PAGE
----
Ringling Bros. eliminating elephant acts

FILE - In this March 19, 2013 file photo, a performer waves as elephants with the Ringling Bros. and Barnum & Bailey show, pause for a photo opportunity in front of the Capitol in Washington, on their way to the Verizon Center, to promote the show coming to town. The Ringling Bros. and Barnum & Bailey Circus will phase out the show's iconic elephants from its performances by 2018, telling The Associated Press. exclusively that growing public concern about how the animals are treated led to the decision. (AP Photo/Alex Brandon, File)

POLK CITY, Florida (AP) — The Ringling Bros. and Barnum & Bailey Circus will phase out the show’s iconic elephants from its performances by 2018, telling The Associated Press exclusively that growing public concern about how the animals are treated led to the decision.

Executives from Feld Entertainment, Ringling’s parent company, said the decision to end the circus’s century-old tradition of showcasing elephants was difficult and debated at length. Elephants have often been featured on Ringling’s posters over the decades. The decision is being announced Thursday.

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“There’s been somewhat of a mood shift among our consumers,” said Alana Feld, the company’s executive vice president. “A lot of people aren’t comfortable with us touring with our elephants.”

Feld owns 43 elephants, and 29 of the giant animals live at the company’s 200-acre Center for Elephant Conservation in central Florida. Thirteen animals will continue to tour with the circus before retiring to the center by 2018. One elephant is on a breeding loan to the Fort Worth Zoo in Texas.

Another reason for the decision, company President Kenneth Feld said, was that certain U.S. cities and counties have passed “anti-circus” and “anti-elephant” ordinances. The company’s three shows visit 115 cities throughout the year, and Feld said it’s expensive to fight legislation in each jurisdiction. It’s also difficult to plan tours amid constantly changing regulations, he said.

“All of the resources used to fight these things can be put towards the elephants,” Feld said during an interview at the Center for Elephant Conservation. “We’re not reacting to our critics; we’re creating the greatest resource for the preservation of the Asian elephant.”

The circus will continue to use other animals — this year it added a Mongolian troupe of camel stunt riders to its Circus Xtreme show. It will likely showcase more motorsports, daredevils and feats of humans’ physical capabilities. Ringling’s popular Canada-based competitor, Cirque du Soleil, features human acts and doesn’t use wild animals.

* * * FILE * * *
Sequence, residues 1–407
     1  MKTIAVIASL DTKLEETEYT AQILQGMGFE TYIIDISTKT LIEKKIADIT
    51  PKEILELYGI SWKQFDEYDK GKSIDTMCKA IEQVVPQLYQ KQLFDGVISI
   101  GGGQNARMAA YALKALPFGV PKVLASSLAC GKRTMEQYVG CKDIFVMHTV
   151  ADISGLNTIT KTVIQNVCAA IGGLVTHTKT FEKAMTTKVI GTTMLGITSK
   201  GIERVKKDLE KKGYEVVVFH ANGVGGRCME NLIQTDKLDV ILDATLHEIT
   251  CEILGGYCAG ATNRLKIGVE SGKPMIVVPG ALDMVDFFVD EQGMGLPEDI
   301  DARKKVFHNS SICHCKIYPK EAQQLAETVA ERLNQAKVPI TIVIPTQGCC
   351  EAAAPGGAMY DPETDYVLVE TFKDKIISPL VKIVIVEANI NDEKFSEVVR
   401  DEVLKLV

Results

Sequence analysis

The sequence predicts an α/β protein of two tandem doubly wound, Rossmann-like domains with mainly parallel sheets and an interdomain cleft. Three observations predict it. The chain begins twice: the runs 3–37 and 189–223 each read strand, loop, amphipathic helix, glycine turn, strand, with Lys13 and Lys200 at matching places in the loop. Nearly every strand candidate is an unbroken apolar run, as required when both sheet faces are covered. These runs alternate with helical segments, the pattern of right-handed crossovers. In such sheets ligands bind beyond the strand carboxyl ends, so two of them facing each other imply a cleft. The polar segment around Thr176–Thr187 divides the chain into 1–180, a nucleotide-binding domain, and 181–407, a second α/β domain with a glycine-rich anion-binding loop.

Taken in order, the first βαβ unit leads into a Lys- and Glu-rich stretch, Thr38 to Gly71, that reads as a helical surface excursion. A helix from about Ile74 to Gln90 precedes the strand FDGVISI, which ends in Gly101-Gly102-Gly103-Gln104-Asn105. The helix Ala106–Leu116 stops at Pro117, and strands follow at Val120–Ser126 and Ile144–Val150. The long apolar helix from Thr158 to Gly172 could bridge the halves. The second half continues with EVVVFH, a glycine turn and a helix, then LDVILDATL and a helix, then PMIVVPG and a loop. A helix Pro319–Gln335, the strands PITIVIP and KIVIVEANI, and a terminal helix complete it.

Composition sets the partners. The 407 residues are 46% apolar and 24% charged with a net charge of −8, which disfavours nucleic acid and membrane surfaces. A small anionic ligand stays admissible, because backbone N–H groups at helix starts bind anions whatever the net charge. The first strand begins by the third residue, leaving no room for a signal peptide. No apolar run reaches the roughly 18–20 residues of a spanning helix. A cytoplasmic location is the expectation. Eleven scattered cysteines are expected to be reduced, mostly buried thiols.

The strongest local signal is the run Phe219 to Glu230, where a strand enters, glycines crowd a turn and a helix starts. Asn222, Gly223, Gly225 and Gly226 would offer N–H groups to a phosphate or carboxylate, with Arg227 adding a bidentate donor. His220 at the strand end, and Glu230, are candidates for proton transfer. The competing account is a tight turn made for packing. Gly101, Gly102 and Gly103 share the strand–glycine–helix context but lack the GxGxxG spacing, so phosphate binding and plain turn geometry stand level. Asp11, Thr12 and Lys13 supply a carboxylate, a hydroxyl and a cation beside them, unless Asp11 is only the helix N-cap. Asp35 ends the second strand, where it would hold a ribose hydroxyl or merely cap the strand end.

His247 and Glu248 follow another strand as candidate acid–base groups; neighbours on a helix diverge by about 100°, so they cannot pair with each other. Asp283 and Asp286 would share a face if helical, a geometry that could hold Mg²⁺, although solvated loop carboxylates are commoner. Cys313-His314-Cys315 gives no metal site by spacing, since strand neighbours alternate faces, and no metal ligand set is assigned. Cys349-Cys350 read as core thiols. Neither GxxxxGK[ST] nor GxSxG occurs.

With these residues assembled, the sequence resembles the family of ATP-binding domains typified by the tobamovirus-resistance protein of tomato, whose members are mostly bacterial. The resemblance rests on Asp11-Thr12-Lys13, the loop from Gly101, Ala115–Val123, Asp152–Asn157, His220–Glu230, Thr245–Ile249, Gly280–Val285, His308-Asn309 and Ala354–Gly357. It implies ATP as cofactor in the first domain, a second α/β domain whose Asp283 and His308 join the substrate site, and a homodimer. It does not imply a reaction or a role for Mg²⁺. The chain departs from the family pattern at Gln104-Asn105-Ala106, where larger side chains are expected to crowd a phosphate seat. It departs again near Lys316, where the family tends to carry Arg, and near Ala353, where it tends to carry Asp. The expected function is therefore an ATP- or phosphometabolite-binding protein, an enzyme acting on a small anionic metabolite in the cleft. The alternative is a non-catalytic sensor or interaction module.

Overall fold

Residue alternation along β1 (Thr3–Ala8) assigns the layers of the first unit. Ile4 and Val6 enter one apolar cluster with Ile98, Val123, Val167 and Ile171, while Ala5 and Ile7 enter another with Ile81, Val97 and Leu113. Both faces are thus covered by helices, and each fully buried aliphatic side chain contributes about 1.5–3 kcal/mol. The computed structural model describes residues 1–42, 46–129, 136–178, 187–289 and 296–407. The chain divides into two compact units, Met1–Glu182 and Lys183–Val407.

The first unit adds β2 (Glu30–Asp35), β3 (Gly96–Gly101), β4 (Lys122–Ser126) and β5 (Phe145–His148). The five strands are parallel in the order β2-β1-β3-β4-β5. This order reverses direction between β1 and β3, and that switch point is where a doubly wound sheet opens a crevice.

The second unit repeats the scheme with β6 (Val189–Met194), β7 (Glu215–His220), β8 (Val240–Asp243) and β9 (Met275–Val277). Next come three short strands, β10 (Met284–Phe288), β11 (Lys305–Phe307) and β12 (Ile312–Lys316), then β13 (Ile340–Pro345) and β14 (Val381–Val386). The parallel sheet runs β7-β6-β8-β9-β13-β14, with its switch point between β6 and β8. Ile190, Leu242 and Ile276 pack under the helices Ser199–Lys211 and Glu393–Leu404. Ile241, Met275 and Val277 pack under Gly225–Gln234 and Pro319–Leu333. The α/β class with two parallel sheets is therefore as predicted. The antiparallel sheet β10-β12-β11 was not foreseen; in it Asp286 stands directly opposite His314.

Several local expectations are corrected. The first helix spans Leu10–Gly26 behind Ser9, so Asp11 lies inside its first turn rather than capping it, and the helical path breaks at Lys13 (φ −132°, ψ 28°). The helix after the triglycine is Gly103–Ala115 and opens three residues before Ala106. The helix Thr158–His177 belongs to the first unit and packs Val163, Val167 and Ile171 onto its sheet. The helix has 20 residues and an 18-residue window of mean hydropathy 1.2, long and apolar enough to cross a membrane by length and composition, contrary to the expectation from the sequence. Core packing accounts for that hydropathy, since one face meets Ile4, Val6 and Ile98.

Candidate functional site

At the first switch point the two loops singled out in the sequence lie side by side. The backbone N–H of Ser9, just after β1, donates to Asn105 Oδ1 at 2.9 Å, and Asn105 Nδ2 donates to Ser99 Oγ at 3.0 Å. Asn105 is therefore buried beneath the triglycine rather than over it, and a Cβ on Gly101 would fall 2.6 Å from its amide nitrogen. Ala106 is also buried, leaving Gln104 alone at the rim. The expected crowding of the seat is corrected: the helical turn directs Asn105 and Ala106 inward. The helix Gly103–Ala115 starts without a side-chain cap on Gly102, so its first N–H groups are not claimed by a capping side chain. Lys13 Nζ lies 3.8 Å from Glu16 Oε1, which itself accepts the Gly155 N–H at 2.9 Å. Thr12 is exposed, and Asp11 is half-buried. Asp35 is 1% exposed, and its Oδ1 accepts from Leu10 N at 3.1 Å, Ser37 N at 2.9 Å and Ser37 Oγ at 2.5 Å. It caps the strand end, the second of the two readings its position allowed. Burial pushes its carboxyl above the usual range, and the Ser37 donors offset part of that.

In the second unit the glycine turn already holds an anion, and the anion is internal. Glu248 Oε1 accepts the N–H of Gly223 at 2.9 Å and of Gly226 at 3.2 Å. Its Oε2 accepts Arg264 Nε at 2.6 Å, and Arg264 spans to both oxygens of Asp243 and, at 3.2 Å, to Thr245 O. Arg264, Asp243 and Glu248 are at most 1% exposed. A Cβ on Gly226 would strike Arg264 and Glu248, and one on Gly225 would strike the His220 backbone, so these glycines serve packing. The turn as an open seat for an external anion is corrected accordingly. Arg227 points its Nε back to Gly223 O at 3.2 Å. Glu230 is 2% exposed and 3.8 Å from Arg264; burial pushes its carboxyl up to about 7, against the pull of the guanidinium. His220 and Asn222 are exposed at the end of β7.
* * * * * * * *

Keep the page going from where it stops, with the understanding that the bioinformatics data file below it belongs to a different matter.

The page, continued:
Feld owns the largest herd of Asian elephants in North America. It costs about $65,000 yearly to care for each elephant, and Kenneth Feld said the company would have to build new structures to house the retiring elephants at the center, located in between Orlando and Tampa on a rural, ranchlike property.

Kenneth Feld said initially the center will be open only to researchers, scientists and others studying the Asian elephant.

Eventually, he “hopes it expands to something the public will be able to see.”

The center’s youngest elephant is Mike, who will be 2 in August, and the oldest is Mysore, who is 69. One elephant, 6-year-old Barack, was conceived by artificial insemination. Since the center opened in 1995, 26 elephants have been born there.

Ringling’s elephants have been at the center of lawsuits and ongoing complaints from animal rights activists.

In 2014, Feld Entertainment won $25.2 million in settlements from a number of animal-rights groups, including the Humane Society of the United States, ending a 14-year legal battle over unproven allegations that Ringling circus employees mistreated elephants.

The initial lawsuit was filed in 2000 by a former Ringling barn helper who was later found to have been paid at least $190,000 by the animal-rights groups that helped bring the lawsuit. The judge called him “essentially a paid plaintiff” who lacked credibility and standing to sue. The judge rejected the abuse claims following a 2009 trial.

Kenneth Feld testified during that trial about elephants’ importance to the show.

“The symbol of the ‘Greatest Show on Earth’ is the elephant, and that’s what we’ve been known for throughout the world for more than a hundred years.”

Feld noted that when his father bought the circus in 1967, there was still a human sideshow featuring acts such as the bearded lady and other human oddities. His father did away with that, he said.

“We’re always changing and we’re always learning,” he said.

Roughly 30 million people attend one of Feld’s 5,000 live entertainment shows every year.

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